Ironman 70.3 World Championships Race Report
The first ever Ironman 70.3 (Half-Ironman) World Championships took place last Saturday, November 11th, in Clearwater, FL. With a big series of races leading up to it, the race featured one of the most competitive fields in the sport today, with the 70.3/Half-Iron distance attracting both long-course and short-course athletes from around the globe. With a clear forecast and minimal winds, the flat course was going to be extremely fast.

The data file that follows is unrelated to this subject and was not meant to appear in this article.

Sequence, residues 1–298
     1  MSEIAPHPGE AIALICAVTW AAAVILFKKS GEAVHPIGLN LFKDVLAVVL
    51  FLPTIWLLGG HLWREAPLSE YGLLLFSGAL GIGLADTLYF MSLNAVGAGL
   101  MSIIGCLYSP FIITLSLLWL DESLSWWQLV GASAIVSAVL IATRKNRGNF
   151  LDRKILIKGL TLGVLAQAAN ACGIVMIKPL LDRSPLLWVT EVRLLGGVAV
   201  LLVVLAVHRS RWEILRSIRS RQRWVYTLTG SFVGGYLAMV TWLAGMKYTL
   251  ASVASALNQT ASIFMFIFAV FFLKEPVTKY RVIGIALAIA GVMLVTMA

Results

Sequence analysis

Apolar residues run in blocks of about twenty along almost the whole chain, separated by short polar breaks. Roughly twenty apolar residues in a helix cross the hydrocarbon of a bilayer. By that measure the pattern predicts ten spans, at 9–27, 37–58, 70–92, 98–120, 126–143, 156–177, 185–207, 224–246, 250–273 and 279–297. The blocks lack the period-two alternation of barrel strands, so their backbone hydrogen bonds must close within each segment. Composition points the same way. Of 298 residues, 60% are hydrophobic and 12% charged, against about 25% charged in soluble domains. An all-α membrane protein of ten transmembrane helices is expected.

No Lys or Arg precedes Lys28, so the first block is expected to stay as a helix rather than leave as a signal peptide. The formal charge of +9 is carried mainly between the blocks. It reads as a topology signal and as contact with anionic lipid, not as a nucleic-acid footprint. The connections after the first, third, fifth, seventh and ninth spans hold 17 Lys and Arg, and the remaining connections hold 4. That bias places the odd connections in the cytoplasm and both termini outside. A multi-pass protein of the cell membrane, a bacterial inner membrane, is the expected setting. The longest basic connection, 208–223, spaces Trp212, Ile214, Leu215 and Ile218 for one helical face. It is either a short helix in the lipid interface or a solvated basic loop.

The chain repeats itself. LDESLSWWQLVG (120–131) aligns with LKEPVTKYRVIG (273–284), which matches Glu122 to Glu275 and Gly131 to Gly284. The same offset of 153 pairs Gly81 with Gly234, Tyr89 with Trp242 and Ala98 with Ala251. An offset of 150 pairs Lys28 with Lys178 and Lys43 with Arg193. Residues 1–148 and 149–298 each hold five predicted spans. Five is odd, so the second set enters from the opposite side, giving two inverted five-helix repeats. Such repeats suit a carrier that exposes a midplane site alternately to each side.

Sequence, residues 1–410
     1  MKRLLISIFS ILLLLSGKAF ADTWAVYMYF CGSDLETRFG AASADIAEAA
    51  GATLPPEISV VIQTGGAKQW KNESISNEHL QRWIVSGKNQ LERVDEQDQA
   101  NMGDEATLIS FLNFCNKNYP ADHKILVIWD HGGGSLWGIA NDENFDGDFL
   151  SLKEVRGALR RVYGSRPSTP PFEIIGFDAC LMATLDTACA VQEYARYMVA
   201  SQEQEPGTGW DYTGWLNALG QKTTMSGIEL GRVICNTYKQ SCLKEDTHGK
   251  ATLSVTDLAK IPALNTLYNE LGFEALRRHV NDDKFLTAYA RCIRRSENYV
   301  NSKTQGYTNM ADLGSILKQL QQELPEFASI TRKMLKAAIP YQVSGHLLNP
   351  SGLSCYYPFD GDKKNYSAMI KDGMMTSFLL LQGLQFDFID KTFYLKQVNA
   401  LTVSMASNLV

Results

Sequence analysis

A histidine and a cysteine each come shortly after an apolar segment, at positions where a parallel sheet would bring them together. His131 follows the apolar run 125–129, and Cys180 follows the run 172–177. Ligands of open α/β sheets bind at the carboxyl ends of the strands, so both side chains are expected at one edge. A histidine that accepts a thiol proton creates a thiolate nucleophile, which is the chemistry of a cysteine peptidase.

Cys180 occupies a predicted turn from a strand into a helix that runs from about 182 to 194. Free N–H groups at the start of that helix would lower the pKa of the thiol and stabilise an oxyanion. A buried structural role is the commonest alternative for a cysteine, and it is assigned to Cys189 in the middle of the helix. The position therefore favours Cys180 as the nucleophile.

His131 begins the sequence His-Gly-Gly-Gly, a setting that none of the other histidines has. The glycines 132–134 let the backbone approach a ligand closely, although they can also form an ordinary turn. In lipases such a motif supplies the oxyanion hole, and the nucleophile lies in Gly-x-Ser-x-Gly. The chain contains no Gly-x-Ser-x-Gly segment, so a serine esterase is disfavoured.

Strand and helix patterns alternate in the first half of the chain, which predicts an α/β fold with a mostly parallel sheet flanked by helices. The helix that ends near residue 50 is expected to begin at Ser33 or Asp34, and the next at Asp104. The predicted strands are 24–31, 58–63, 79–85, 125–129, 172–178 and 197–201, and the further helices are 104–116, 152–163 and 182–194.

The swim took place in the Gulf of Mexico, and unlike during last year devastating hurricane season, the Gulf was a very cool 71F, meaning that the swim would be wetsuit-legal. As I did my warm-up, I felt very good. I’d been doing a lot of swimming, and I was confident that I could come out “in the mix” on the swim. I’d gone from being a “third pack” swimmer last season to comfortably being in the second pack this year, which was really great. But, as confident as I was in my swimming, I was also very nervous about the race. At one point, it suddenly hit me that I was getting ready to do the most competitive race I’d ever done, and I had a sudden bout of panic, which ended with me throwing up three times into the ocean. I felt better afterwards, but I was a little nervous about how the lost fluids and food would affect me later in the race. I also knew there was nothing I could do about it.